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ORNL Building Model Submarines To Test ‘New Sonar’

September 12, 1985

OAK RIDGE, Tenn. (AP) _ Government scientists are turning out 80-foot submarine models to test sophisticated sensors that could let the Navy track nuclear subs by listening to their reactors, a researcher says.

The models are being built in a machine shop at the Department of Energy’s K-25 gaseous diffusion plant by researchers from Oak Ridge National Laboratory, Joe Lenhard, chief of research and development in Oak Ridge, said Wednesday.

The Navy hopes to expand on technology the laboratory uses to listen to commercial reactors for troubleshooting, Lenhard said. It could let the United States track enemy submarines while allowing U.S. vessels to go undetected.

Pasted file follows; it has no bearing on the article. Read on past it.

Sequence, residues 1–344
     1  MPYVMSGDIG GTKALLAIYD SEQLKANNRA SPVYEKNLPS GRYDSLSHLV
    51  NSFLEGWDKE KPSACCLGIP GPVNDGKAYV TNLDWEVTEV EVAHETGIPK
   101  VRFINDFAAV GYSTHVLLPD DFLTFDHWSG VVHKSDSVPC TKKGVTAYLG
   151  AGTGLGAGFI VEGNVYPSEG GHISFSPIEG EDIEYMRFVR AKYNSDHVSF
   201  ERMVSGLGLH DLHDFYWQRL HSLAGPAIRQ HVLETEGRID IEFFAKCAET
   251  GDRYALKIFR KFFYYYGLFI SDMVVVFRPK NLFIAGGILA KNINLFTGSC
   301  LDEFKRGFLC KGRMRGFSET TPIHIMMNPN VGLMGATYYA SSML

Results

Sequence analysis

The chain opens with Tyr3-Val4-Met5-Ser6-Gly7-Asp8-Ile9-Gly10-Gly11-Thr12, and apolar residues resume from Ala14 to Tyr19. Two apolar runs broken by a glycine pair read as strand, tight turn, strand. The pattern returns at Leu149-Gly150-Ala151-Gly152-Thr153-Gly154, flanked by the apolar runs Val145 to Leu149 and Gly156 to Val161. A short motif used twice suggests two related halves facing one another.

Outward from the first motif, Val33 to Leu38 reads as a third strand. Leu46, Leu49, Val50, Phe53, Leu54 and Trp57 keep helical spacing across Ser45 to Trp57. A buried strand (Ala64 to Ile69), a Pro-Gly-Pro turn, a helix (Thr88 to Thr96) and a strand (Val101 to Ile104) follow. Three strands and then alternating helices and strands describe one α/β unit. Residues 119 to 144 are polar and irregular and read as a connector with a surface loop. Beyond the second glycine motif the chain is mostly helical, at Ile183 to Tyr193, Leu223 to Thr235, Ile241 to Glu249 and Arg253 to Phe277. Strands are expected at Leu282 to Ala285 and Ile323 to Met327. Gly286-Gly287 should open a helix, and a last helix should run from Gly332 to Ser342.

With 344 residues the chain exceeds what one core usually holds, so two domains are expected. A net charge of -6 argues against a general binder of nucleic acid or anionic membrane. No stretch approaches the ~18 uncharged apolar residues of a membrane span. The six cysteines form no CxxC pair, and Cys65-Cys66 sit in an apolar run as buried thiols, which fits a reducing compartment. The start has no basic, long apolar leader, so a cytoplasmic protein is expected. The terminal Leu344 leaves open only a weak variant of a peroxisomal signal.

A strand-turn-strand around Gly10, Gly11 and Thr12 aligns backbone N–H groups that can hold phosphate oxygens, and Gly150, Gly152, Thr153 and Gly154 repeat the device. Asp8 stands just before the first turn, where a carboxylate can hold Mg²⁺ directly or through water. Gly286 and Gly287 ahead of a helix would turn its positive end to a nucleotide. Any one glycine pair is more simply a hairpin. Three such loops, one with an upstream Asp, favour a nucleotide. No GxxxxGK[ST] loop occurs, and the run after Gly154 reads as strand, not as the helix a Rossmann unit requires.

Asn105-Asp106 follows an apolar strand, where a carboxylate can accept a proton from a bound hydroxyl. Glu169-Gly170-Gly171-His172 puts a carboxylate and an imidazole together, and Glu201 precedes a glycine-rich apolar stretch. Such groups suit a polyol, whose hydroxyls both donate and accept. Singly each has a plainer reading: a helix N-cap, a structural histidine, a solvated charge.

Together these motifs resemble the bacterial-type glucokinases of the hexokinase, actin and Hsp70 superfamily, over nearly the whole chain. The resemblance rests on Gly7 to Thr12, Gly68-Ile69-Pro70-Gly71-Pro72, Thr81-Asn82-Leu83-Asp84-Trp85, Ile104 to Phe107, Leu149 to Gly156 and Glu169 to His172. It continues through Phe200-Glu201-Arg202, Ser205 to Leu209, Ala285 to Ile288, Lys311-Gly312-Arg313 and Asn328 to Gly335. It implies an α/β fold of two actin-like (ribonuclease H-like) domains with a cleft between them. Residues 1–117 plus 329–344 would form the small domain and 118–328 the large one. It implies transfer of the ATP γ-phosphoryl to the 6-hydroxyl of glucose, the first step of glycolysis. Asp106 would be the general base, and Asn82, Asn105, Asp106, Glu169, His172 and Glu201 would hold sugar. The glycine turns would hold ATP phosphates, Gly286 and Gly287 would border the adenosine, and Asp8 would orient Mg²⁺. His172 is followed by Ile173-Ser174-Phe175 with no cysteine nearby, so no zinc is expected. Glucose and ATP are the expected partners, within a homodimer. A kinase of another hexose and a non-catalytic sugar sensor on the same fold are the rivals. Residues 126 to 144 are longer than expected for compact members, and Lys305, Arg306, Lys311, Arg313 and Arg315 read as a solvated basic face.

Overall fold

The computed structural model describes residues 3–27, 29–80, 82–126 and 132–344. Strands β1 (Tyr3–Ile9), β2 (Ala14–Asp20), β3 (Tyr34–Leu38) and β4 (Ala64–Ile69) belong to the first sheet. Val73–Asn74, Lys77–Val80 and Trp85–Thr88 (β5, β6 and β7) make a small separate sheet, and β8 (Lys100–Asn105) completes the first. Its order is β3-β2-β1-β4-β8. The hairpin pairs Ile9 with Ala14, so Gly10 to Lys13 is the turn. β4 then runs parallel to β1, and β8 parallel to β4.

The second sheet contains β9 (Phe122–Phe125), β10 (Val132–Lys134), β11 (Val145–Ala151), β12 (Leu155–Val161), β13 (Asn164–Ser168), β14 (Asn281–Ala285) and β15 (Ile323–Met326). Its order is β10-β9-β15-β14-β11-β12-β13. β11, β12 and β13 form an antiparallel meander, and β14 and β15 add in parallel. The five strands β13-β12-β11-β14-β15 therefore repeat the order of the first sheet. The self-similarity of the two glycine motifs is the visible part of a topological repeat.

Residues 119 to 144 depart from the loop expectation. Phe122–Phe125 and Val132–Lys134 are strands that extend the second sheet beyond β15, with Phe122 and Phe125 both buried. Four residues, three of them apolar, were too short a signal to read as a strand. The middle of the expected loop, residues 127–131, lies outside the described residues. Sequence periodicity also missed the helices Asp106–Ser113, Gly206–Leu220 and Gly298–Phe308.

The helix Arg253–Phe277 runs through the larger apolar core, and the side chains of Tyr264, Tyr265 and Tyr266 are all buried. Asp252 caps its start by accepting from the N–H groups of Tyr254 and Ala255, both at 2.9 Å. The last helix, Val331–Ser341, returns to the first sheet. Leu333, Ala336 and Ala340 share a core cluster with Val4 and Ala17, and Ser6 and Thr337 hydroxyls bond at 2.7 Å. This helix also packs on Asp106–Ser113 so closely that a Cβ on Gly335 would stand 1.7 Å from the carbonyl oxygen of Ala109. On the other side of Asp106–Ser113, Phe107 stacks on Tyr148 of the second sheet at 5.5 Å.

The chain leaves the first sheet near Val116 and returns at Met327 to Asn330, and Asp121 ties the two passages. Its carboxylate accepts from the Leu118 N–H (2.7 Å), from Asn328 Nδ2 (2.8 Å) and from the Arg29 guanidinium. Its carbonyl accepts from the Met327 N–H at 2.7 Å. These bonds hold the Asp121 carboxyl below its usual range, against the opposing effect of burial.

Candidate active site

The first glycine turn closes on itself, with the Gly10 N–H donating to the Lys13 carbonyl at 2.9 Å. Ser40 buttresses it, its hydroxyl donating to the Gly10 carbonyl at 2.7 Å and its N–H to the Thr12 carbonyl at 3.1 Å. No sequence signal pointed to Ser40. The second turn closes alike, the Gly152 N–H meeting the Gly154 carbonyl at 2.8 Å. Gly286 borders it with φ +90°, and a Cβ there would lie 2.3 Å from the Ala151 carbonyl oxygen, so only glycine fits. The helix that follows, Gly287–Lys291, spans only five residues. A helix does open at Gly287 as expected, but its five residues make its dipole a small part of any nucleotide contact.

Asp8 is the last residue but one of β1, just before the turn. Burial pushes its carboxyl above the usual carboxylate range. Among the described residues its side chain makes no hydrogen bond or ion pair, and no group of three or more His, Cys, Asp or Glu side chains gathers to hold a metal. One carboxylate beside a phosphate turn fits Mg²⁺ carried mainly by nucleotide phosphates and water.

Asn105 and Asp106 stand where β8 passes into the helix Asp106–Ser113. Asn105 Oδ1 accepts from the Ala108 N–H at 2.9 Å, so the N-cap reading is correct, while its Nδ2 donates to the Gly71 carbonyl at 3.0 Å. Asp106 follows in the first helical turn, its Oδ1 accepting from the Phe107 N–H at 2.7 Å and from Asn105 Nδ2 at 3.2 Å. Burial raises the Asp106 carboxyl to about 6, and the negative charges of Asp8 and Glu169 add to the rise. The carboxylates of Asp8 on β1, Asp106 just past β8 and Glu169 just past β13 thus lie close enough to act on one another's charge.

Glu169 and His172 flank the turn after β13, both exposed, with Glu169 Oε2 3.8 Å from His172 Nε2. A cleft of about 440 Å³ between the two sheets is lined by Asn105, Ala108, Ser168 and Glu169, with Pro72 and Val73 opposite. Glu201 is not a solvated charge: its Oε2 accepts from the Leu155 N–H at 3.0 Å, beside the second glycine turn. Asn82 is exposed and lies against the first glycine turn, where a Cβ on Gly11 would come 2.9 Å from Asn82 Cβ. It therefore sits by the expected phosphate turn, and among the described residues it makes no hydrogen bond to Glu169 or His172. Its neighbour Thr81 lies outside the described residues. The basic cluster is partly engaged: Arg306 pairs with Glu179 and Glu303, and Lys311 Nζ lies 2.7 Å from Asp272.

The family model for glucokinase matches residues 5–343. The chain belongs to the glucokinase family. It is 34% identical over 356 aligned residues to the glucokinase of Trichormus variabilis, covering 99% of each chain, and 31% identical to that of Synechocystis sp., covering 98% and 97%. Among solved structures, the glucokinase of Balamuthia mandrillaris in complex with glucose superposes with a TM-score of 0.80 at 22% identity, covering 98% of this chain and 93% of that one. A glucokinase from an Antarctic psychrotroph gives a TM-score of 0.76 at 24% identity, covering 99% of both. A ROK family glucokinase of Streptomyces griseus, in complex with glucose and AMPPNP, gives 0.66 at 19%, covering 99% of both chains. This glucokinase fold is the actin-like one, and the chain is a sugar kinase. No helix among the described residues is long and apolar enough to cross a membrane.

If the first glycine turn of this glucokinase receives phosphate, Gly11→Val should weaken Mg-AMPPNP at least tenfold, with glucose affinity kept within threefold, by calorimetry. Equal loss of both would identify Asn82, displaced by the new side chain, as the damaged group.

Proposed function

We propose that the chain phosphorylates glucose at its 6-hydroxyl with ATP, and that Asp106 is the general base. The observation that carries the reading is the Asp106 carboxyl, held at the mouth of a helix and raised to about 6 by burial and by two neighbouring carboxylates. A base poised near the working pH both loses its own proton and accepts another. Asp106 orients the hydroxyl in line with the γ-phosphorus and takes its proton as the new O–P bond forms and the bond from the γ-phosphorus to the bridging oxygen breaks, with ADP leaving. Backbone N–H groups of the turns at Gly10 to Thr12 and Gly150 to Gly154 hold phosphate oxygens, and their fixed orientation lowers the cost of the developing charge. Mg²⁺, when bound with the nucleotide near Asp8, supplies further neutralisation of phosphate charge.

″We do have some ... acoustics systems developed to listen to nuclear reactors to diagnose if there’s a problem,″ he said. ’Because of that the Navy was interested in learning about the acoustical technique.″

Every nuclear reactor has its characteristic pattern of sounds that can be mapped and studied, Lenhard said. The acoustic sensors, 10-year-old technology, ″are used routinely in reactors to look for problems such as increased flow or a pump that’s starting to make an unusual noise.

″It’s a rather routine monitoring tool. We’re just making them a little more sophisticated.″

The completed models, some up to 80 feet long, will be shipped to a deep lake in the western United States and tested using the sensors. Lenhard would not name the lake and said the project is highly classified.

The research is a joint effort by the DOE and Defense Department, said Navy spokesman Lt. Doug Hocking.

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